R.I.P. Photoshop Touch: Adobe Rethinks Its Approach To Mobile Apps

A grand master of the kitchen-sink approach to software has decided it doesn’t cut it in the post-PC era.

R.I.P. Photoshop Touch: Adobe Rethinks Its Approach To Mobile Apps
[Photo: Flickr user Tom Newby]

I get lots of pitches from tech companies hoping that I’ll write about products they’re introducing. I don’t remember ever having heard from one who wanted to tell me about something it was discontinuing.


Until now, that is. Today, Adobe is announcing that it’s ending development of Photoshop Touch, the version of its photo-editing application for iPads, iPhones, and Android devices. It’ll be available in app stores until May 28, whereupon Adobe will yank it from the market. Copies of the software installed on devices will continue to work “for the foreseeable future.”

That’s not all the news, of course. Adobe isn’t giving up on Photoshop on mobile devices–it just doesn’t think it should be a single kitchen-sink piece of software. Instead, the company will focus on offering a portfolio of free apps, each of which does something specific and tries to do so in a straightforward fashion. Already, it offers Photoshop Mix (which specializes in compositing), Photoshop Sketch (drawing), and Adobe Shape (which lets you snap a photo and convert it for editing), among others. These are iOS apps at the moment, but Adobe says it’s working on Android versions.

Why the switch? Adobe’s Bryan O’Neil Hughes says that it has to do with the way that mobile apps have evolved since Photoshop Touch was introduced in 2011, and in particular the effort the company has put into tying together its disparate software offerings using the Creative Cloud service, which stores images where multiple apps on different devices can easily get to them. Given that, the company thinks there’s no need to try and cram too much functionality into one mobile version of Photoshop. It can unbundle it into discrete apps that work together, and with other Adobe programs.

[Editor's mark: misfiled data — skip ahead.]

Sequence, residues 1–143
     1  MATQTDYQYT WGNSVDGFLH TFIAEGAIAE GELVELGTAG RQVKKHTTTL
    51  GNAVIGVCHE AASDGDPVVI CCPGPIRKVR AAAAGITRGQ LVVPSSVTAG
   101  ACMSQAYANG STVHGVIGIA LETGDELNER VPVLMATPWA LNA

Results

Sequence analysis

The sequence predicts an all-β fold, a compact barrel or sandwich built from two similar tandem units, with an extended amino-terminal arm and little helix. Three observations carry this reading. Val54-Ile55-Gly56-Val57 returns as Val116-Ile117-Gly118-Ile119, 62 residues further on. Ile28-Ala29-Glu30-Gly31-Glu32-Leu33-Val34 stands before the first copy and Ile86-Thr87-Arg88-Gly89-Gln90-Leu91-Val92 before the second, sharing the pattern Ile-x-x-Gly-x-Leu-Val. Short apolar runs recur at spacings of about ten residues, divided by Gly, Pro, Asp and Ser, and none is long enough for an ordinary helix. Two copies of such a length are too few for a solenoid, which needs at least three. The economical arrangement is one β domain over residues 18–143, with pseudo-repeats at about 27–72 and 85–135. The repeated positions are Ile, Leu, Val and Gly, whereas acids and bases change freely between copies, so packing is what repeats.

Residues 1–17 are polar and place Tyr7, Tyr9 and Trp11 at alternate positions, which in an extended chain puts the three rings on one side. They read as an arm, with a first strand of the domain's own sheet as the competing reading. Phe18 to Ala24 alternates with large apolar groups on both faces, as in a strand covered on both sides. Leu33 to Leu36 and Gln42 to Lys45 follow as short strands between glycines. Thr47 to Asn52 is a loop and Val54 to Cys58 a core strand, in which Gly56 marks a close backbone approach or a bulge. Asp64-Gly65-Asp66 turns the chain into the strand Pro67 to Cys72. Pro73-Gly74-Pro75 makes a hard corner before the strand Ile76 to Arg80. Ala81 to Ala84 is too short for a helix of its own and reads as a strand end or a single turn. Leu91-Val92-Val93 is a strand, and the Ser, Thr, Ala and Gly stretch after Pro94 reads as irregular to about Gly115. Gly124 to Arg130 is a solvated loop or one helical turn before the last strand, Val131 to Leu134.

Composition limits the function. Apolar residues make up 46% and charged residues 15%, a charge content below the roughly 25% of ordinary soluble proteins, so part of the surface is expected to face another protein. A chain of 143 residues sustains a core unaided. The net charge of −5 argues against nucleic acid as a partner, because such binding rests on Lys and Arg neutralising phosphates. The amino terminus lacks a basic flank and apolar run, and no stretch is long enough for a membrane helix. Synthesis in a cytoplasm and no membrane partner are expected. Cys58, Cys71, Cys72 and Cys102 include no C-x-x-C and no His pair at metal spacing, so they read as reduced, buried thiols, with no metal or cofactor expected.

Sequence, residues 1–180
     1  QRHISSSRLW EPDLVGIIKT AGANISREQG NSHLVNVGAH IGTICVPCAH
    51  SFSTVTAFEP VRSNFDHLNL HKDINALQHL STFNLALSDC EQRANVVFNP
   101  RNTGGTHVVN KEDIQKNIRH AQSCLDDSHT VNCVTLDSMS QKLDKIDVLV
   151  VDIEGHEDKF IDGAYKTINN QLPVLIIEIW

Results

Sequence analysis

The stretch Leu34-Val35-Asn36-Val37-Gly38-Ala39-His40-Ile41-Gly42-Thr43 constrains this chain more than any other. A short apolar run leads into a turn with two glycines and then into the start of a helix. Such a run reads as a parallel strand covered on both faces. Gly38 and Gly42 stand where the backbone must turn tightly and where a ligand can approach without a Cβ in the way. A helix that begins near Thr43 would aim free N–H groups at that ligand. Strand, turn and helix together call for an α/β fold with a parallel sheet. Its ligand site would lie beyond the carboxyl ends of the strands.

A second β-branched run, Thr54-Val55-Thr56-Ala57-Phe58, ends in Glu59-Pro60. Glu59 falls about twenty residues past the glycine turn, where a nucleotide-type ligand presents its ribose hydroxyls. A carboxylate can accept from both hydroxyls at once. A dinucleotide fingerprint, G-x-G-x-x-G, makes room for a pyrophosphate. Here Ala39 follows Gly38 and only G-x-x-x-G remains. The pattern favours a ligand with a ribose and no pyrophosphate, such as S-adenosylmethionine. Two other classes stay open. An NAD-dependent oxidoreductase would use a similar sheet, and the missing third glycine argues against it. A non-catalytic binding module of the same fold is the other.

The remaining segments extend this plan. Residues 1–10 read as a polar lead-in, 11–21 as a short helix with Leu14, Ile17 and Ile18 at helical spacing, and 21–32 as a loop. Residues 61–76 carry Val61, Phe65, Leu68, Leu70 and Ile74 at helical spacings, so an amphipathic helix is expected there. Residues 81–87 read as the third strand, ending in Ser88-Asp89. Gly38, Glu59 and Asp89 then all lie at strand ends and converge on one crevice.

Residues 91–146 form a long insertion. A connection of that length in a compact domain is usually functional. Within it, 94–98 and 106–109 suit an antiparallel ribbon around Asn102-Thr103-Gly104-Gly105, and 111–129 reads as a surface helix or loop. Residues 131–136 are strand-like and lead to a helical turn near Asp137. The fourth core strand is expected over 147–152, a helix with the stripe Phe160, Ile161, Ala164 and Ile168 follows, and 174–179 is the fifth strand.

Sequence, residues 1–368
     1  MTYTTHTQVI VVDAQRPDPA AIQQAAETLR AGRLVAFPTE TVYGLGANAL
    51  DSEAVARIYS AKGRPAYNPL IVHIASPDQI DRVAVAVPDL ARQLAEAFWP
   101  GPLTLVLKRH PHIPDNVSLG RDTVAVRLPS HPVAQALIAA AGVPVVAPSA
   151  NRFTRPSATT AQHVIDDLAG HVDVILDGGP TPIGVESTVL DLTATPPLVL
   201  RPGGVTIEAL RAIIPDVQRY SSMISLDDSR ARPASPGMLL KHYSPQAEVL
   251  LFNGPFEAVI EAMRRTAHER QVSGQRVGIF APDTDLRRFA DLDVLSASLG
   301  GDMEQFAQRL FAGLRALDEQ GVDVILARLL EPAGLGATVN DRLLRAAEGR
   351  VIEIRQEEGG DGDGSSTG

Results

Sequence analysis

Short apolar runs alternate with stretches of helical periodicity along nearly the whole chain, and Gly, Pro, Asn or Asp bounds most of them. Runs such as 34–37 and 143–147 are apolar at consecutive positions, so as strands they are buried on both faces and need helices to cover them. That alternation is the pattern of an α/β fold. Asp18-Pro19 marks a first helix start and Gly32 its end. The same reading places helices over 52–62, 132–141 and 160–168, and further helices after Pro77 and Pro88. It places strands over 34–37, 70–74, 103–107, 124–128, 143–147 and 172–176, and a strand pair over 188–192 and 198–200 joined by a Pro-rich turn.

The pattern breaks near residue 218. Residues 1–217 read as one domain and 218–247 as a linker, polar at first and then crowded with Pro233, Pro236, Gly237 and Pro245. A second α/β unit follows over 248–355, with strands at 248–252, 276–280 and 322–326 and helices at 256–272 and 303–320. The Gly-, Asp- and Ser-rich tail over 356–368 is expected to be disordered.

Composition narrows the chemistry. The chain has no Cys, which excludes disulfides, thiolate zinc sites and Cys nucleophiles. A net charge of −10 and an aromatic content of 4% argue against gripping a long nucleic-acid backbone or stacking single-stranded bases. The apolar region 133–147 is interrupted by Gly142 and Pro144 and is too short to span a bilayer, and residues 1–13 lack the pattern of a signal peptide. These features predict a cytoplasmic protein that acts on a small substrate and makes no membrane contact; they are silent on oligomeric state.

“Photoshop Touch came from a time when that wasn’t how applications worked,” Hughes told me. “We’ve learned a lot in the last few years.”

Adobe is still learning: Hughes gave me a sneak peak at an upcoming Photoshop retouching app (code-named Rigel, final name T.B.D.) that looks impressive–and that he said is not merely based on the equivalent features in Photoshop’s desktop version, but is more advanced in some respects. Here’s an Adobe video teaser.

A Dead App Walking

I reacted to all this news with decidedly mixed feelings. I’m a hardcore Photoshop Touch user. I’ve used it on my iPad to process hundreds of images for articles I’ve written over the past few years. It’s so core to my workflow that I might almost be able to use it with my eyes shut.


And yet I’ve never loved Photoshop Touch. Nor have I ever had the sense that Adobe was all that interested in it. As the company has rolled out interesting stand-alone iPad apps, it’s left this one largely alone. Photoshop Touch isn’t radically different than it was when I started using it, and its interface hasn’t aged well, especially in comparison to those of Adobe’s more recent mobile apps. Basically, it already felt a tad moribund.

I expect I’ll still spend time in Photoshop Touch. If I ever need to replace it with something comparable, Pixelmator is a terrific option. I’ll be okay.

For decades, Adobe has produced astonishingly powerful, versatile applications that can do just about anything . . . but only if you can figure out how to use them, which has never been a cakewalk. With this new strategy, it aims to dump comprehensive and opaque in favor of specialized and simple. And it’s so striking a philosophical shift that it may be a bigger deal for Adobe itself than it is for its customers.

About the author

Harry McCracken is the technology editor for Fast Company, based in San Francisco. In past lives, he was editor at large for Time magazine, founder and editor of Technologizer, and editor of PC World.